Knowledge Bank

Baltic Wharf
1st February 2017

Case Study – Baltic Wharf

Baltic Wharf is a prestigious development of apartments and hillside homes, situated a short walk from the market town of Totness in South Devon. It is on a site of a working boatyard adjacent to the River Dart. As the second oldest borough in England, this historic market town is reputed to have more listed buildings per head than any in Britain.

The development has been carefully designed to complement the areas existing history and architecture, and new homes here feature natural slate tiles and stone and timber clad finishes.

Baltic Wharf Site Plan

Baltic Wharf Site Plan

The project falls within the South Hams District Council, and all dwellings had to comply with Code for Sustainable Homes Level 4 (CfSH4) under Building Regs Part L 2010. There was also a requirement for 10% of energy requirements to be produced on site by renewable energy sources. We were introduced at planning stage, and invited to meetings with the architect (Stride Treglown) and developer (Bloor Homes), as well as a local consultation process which helped gain planning consent without any objections.

We proposed a specification to achieve low u-values, combining a desired mix of timber frame and masonry units; highly efficient gas heating system with Flue Gas Heat Recovery to each of the 95 units; calculated linear thermal bridging detail; a design air permeability of 4.0 was set (and achieved) on all plots; IG Hi-therm lintels were used; Greenwood System 3 Ventilation was installed; and Waste Water Heat Recovery was installed to selected plots, to ensure 25% improvement on Target Emission rate was achieved.

Baltic Wharf House Design

Baltic Wharf House Design

Further Code 4 compliance was tricky given that private areas were restricted, meaning no provision for Water Butts or Cycle Sheds. Security credits, along with Considerate Constructors, Site Waste Management, Recycling, Composting, and Surface Water credits were all maximised. Daylighting was calculated for each plot, ensuring maximum possible credits.

Low Zero Carbon Savings

Low Zero Carbon Savings

In consideration of High Efficiency Alternative Systems, we found that Solar Photovoltaic was the most viable solution in meeting the 10% energy demand target set by South Hams DC. Given that all plots were positioned to have South facing roof, and with minimal obstruction; we proposed just under 30% of the plots to have a total of 25kWp of PV. All remaining houses were provided with wiring for photovoltaic panels, so residents could upgrade their homes to carbon neutral if desired.

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Briary Energy Viessmann
20th January 2017

Heating With Ice (Infographic)

Using innovative technology, with their ice storage system Viessmann show us how they can heat and cool a building using ice. To do this, they use the example of Stommel Haus’ award winning home in the Aberdeenshire hills, a development which we were closely involved with.

Making use of this renewable energy source, the system combines an ice storage tank and energy from the air, the sun and the ground to provide a complete home heating system which can heat a building when cold, cool a building when warm and provide a domestic hot water supply.

Freezing is an exothermic process, meaning that as a liquid changes to a solid, heat is released. Viessmann’s system uses this energy released as latent heat, with the potential energy stored in its ice store system.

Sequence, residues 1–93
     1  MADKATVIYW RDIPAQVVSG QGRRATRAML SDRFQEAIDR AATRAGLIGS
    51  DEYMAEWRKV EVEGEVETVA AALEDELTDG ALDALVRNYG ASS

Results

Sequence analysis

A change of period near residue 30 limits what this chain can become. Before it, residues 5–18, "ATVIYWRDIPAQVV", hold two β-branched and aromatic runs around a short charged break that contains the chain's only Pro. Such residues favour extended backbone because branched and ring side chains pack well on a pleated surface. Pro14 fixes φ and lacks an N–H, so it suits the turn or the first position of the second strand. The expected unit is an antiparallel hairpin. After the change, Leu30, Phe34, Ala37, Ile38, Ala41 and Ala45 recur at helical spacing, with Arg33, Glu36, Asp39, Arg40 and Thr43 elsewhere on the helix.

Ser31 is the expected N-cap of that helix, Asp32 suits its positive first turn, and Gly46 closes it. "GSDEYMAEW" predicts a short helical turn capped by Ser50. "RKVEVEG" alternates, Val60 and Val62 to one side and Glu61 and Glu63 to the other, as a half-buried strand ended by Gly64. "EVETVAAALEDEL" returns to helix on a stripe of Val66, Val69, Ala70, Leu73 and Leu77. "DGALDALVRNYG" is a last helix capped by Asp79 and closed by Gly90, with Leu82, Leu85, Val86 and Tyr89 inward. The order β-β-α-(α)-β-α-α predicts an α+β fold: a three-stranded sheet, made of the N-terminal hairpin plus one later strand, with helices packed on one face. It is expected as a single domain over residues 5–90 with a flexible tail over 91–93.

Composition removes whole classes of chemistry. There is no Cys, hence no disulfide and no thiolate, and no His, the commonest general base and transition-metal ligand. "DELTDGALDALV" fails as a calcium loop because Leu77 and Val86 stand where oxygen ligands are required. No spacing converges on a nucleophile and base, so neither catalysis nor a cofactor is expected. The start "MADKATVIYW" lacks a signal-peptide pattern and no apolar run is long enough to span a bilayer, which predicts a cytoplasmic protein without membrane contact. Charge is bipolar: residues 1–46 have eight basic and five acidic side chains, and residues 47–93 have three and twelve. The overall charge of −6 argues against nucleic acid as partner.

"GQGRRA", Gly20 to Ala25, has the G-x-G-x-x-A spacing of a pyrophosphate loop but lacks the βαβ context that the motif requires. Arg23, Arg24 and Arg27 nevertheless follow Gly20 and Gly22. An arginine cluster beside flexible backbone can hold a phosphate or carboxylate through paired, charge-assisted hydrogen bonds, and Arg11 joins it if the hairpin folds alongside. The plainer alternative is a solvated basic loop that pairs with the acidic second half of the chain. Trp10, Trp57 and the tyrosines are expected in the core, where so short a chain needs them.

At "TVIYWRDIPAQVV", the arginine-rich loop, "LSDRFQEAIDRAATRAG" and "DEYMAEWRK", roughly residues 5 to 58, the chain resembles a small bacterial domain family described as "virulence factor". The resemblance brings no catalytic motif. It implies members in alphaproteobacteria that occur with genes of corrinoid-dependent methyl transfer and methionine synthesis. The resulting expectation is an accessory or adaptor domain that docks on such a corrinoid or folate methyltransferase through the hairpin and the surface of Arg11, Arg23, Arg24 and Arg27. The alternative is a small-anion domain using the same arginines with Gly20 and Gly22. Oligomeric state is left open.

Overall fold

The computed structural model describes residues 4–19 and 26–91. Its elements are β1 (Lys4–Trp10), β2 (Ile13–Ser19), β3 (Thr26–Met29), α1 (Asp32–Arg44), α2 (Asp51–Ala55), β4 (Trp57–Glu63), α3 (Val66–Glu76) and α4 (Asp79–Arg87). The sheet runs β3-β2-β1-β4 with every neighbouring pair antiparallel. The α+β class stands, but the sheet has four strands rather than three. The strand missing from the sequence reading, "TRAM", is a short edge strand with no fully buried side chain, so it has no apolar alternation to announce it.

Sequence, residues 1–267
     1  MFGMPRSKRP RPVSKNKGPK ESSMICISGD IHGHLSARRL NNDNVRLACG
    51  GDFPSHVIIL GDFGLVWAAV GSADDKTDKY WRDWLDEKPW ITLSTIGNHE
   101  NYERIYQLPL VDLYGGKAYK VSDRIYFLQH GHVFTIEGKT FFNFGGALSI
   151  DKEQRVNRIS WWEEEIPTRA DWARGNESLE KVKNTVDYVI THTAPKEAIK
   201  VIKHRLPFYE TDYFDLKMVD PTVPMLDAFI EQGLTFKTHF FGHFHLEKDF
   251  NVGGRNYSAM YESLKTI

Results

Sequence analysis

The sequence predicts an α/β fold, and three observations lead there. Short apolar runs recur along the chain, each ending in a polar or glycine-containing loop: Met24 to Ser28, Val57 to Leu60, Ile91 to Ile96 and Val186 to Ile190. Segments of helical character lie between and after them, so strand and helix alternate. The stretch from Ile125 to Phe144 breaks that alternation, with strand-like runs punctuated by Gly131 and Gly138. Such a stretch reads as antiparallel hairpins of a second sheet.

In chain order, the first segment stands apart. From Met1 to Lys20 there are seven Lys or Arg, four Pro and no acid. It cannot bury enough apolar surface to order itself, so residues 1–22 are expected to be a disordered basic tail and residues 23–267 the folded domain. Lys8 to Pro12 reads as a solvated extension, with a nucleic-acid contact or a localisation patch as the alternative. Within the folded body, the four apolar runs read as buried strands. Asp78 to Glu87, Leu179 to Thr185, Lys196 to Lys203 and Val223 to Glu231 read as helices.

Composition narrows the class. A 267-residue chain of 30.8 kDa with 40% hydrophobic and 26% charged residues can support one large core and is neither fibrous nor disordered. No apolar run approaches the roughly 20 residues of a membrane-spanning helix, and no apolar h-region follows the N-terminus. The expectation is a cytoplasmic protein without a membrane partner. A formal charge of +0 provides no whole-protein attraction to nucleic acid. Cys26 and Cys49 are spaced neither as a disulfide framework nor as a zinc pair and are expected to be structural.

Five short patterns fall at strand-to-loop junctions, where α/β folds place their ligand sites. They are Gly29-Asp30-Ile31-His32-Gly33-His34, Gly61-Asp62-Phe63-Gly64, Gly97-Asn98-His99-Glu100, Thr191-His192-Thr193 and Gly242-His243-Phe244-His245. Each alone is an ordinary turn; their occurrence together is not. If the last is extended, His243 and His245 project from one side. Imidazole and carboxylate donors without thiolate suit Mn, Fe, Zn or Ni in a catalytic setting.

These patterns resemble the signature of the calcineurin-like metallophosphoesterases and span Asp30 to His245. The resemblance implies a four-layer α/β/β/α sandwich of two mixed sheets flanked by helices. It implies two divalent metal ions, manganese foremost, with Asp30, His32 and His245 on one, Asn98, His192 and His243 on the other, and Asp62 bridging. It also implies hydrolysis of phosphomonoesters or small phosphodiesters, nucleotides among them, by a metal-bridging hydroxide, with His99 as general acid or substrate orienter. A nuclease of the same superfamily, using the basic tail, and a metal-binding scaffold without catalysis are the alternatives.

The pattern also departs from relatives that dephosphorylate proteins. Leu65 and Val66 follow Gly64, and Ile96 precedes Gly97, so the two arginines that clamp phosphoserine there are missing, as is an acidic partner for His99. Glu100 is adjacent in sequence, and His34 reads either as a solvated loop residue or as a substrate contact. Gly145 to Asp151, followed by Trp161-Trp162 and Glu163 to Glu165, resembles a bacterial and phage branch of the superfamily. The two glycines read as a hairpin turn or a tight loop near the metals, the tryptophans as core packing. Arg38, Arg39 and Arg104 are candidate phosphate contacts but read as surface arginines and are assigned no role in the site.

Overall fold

Viessmann’s standard ice storage comprises of an ice storage tank with a water capacity of approximately 10 m³ and solar air absorbers for installation on pitched or flat roofs.

The solar air absorbers installed on the roof utilise the heat from the ambient air and from insolation during the day and transfer it to the heat pump. They also work to regenerate the ice store if no thermal energy is being drawn by the heat pump.

Utilising ice, the ice store, which is installed in the ground, functions as a source of heat for the heat pump if there is insufficient thermal energy available from the solar air absorbers.

An ice store with a volume of 10 m³ for a detached house can deliver the same amount of energy as around 110 litres of fuel oil and is capable of 10 kW of heating output.
Affordable, dependable, and easy to install, ice storage systems offer high efficiency resulting from the combined use of different heat sources and offer inexpensive. Energy saving natural cooling and heating. In most cases, the systems require no planning permission.
This technology has been adopted by the German manufacturer of eco-homes, Stommel Haus. Using the technology in their award winning three-bedroom Arctic Heartwood Spruce home in the Aberdeenshire hills – Stommel Haus have created the first ever home to utilise this technology in Scotland.
The below infographic shows how Viessmann’s ice store system technology works in Stommel Haus’ eco home.

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Halogen Bulb
10th January 2017

Halogen Lighting Phased Out / LEDs – No-brainer

In a boost for highly efficient LED lighting; from September 2016, energy guzzling halogen spotlights were phased out across Europe. It is one of several changes, in an effort for European countries to reach their 2020 carbon reduction targets, as per the Energy Efficiency Directive. Ahead of this there is a planned wider halogen bulb ban in 2018, when the multi directional halogen bulbs will also be phased out.

A light-emitting diode (LED) is far more efficient than a halogen bulb; it uses a semi-conductor to convert electricity into light. Halogens meanwhile, work by passing an electric current through a thin filament, which becomes hot and therefore emits light. Only a small percentage of the electricity passing through the halogen light bulb gives of light, whilst the surplus is wasted as heat.